People Before Profits
Wall Street seeks it. George W. Bush is eyeing it. The managements of Bethlehem Steel and LTV have done it. Those of United and Northwest Airlines are pushing it. Japanese insurers are doing it. France’s government is pressing it and Germany’s is calling for it. Italy’s is flirting with it. The occupation forces in Iraq are implementing it. The counterrevolutionary governments of former Soviet republics have done it. Turkey and Argentina’s masses have already suffered it.
“It” is attacks on workers’ pensions and savings. Companies and governments around the world are cutting, slashing, sometimes even completely canceling contractual pension debts to active and retired workers. “Fixed” interest rates on savings are being slashed. Retirement ages are being raised. Length-of-service requirements are being stretched. Pension funds are being looted, as banks push bum loans or investments on them.
In recent months, the Bush administration and federal courts have worked hand-in-hand with airline management to cut the pensions of unionized employees, in some cases by over 60 percent. Indeed, a condition of federal loan guarantees to airlines has been that employees’ wages and benefits, including pensions, be cut. This is in an ultimately doomed effort to ensure debt service by an industry drowning in “overcapacity.” Just last week, the Labor Department approved a blatant violation of federal pension rules to help Northwest Airlines’ management cover a billion dollar shortfall in employee pension plans.
U.S. steelworkers are also suffering sharp cuts in pension and health benefits. The federal government, through the misnamed “Pension Benefit Guarantee Corporation” (PBGC), has taken over the retirement obligations of several unionized steel companies, slashing pensions and benefits in the process. The PBGC’s own finances are shaky.
In Japan, the government passed a law this year allowing insurance companies to break their interest-rate contracts with policyholders, effectively slashing millions of workers’ savings. In France, the government rammed through pension “reforms” that cut public workers’ pensions, and increase the length of service required to achieve full pensions. In Germany, the government is attempting the same.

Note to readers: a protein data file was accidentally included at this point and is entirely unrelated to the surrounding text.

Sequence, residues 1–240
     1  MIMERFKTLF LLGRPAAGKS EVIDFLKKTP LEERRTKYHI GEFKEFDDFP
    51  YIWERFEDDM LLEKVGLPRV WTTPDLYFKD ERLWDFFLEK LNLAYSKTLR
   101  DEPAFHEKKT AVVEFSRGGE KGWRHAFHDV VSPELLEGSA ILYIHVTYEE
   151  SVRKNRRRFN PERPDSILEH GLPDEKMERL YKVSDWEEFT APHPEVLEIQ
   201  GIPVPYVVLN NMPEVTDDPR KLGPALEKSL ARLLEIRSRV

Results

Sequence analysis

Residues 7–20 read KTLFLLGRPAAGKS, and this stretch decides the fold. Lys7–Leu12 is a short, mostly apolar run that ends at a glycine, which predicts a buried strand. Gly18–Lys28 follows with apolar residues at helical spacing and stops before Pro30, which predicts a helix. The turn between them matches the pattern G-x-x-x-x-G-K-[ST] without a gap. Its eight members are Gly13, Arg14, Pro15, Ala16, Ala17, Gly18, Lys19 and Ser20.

Through currency devaluations, pensions in countries, such as Argentina, have been cut to fractions of their original values. By printing money, governments such as Turkey’s have done the same. And hundreds of millions of “informally” employed and self-employed around the world have no pensions at all to rely on.
Perhaps nowhere has capitalism looted old-age guarantees – and the entire population’s wealth – more completely than in former Soviet republics. Since capitalism was restored, pensions have been effectively cut by 90 percent or more, while housing, health care and nursing facilities have been left to crumble.
It was not too long ago that the monopoly media were pushing the myth that social conditions were declining because of world population growth. But then growth declined dramatically. Now the new myth is that the world is getting worse because the population is not growing fast enough, and there are not enough young workers to support the old! This in a world with leaping technology and more than one billion working-age people officially unemployed or severely underemployed. The productive capacity exists to provide full economic security for everyone around the world, from birth through death.
At least the media are getting one thing right – social conditions are declining. But they are declining not because of population changes, but because of capitalism’s incapacity to deal with advances in science and technology. Talk about a social system with no future!
And perhaps no class is more conscious today of the bankrupt future of their social system than the capitalists themselves. So they are seeking old-age security for themselves, in part by targeting the pensions and savings of everyone else.
The Communist Party fully supports the struggles of U.S. steel, airline and all union and nonunion workers to regain the entire retirement benefits once promised them. Mass struggles in Italy, led by unions and workers’ parties, have put a partial brake on efforts to cut pensions. As we have seen, the capitalist attacks on pensions are worldwide. To be most effective, labor’s defense of economic security for all must extend to the international arena.
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